I'm going to put in my grumpy old man dentures and rant on for a moment:

    For f$ck's sake, if you are submitting an article with an acronym in it, expand it the first time so that everyone knows what the hell you are talking about. This goes not only for slashdot, but for articles in all technical venues. In some tight technical circles, some assumed knowledge and common language can be expected, but /. is a broad audience, and not everyone knows at first glance what a WISP is. This is specially true when used in the context of an article that is probably introducing it to people for the first time.
  • TekSavvy (Score:4, Informative)

    by mrops ( 927562 ) on Friday February 06, 2009 @10:01AM (#26751001)

    TekSavvy, THE best ISP I have had in a long time. Everything is upfront, they do not throttle (though those on slashdot may have heard that Bell is throttling all ISP that go over their lines, bitches). You can get their 200GB/mn or unlimited (true unlimited). Static IP addresses for 3$/mn, MLPPP. Love their tech support, one of the few companies where using "tech" is justified.

    If you can't get DSL, tough luck. TekSavvy does provide WISP in certain areas.

  • by Gramie2 ( 411713 ) on Friday February 06, 2009 @10:08AM (#26751057)

    There is a WISP in my area, but their service guy said that he couldn't get a clear enough signal from my roof. If I put up a 40-foot tower, I *might* be able to get it (people down the road do). Aside from the tower, that would be about $300 installation and $60/month, with a maximum speed of about 3Mbps download.

    Turns out that I can get on the Rogers cell phone 3G network. The bandwidth is limited (1GB/month for $30, 3GB/month for $60), but I can live with that. There was no installation fee (wireless USB stick was free with 1-year contract) either.

  • by Huntr ( 951770 ) on Friday February 06, 2009 @10:14AM (#26751129)
    That blurb in the summary about showing their "nationwide coverage" makes this seem a lot more widely available than it really is. As the image in the linked article show, 750k sq mi isn't shit, particularly when the primary areas this purports to service, those who live out in the boonies, are barely covered at all. Good to know you can get this kind of service in such remote areas as Sacramento, Ca, Dallas, Tx, Atlanta, Ga, and Chicago, Il. Further, as stated above, the submitter and article author owns a fricking ISP that provides WiFi in Wyoming. This is the worst kind of misleading advertising masquerading as news on Slashdot.
  • Do your research (Score:3, Informative)

    by Tinfoil ( 109794 ) on Friday February 06, 2009 @10:22AM (#26751197) Homepage Journal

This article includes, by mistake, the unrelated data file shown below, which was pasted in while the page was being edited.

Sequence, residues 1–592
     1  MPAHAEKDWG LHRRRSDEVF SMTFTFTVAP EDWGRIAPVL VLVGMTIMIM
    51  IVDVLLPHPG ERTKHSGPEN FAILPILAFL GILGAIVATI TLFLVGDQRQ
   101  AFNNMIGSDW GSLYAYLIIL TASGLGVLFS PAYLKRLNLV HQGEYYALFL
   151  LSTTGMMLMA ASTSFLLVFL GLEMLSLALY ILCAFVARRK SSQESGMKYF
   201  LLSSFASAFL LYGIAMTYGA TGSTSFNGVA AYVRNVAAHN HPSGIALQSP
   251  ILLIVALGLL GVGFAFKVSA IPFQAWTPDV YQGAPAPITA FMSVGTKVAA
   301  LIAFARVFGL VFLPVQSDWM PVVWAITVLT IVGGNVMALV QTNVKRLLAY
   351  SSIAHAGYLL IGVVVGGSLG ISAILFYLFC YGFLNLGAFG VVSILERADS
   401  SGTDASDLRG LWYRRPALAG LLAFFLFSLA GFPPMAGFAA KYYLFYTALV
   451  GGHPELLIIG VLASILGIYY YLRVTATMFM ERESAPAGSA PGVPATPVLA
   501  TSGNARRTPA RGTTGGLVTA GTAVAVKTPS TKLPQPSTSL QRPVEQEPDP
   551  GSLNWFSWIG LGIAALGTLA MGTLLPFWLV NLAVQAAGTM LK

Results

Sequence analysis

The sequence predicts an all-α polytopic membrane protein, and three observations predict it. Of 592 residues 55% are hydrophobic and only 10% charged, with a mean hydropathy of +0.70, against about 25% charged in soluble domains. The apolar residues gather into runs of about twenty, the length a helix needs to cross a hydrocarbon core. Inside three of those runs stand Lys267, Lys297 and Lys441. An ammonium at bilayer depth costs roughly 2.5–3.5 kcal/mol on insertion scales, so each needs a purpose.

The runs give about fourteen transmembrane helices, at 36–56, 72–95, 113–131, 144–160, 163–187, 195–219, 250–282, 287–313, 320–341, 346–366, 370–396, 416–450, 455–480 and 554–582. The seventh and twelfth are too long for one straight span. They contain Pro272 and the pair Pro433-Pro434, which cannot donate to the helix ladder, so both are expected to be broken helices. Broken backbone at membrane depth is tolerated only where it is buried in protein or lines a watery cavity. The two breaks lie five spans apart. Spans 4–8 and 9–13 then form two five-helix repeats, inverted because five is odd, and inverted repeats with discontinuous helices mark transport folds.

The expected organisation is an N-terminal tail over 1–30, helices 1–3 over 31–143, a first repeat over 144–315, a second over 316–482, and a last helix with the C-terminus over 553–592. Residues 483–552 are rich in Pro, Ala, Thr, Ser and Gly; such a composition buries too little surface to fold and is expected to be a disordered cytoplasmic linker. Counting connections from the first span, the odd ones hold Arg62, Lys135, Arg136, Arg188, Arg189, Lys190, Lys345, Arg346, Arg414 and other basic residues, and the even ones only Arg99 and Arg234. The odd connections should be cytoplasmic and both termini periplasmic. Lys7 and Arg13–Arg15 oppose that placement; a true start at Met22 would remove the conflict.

Depending on the technology, there are many things to consider before jumping into bed with a WISP. I get my service from an ISP with a wireless division, though it's not their core business. From my understanding, the technology used is a mix of 900Mhz and 2.4Ghz, depending on distance & line of site. The closer and clearer the LoS, the more likely they will put up a 2.4Ghz antenna. Otherwise, it's 900Mhz. Often it requires mounting on an antenna tower, unless it's cellular based.

    Problems I've had with it are mostly related to bandwidth saturation. Quite often these wireless PoPs will be piggybacking on one another to a central location, so unless it's properly provisioned, be prepared to be frustrated. Also, many times the WISP will put their tower on a pre-existing structure and depending on security situations, they may not be allowed to go on-site unless the owners of the property are also on-site. Think places like central grain storage co-ops and the like.

    My connection is a pretty poor value. I pay roughly CDN$70 for a connection that is, at most, 1Mbit. The upside is that it is synchro, so while my downstream is pretty low, my upstream is better than most. Ping times are all over the place, but that is more a function of an over-subscribed service than anything else.

    Cellular based technologies are available here, but the caps are dangerously low with overages being charged at a pretty obscene rate. And it doesn't work with my pre-existing router, which is a big negative for me. Rogers Wireless is I think $25 a month, but that's for only 500MB if memory serves. I can't verify this at present since the Rogers website sucks hairy arse.

  • Re:Astroturfing? (Score:1, Informative)

    by Anonymous Coward on Friday February 06, 2009 @10:24AM (#26751229)

    It's worse than that. He's a notorious anti-NN, pro-DPI astroturfer.

    If you love your "hacker tools" (ssh, p2p, etc), he's the bad guys.

  • by Dekortage ( 697532 ) on Friday February 06, 2009 @10:50AM (#26751537) Homepage
    This [] seemed useful...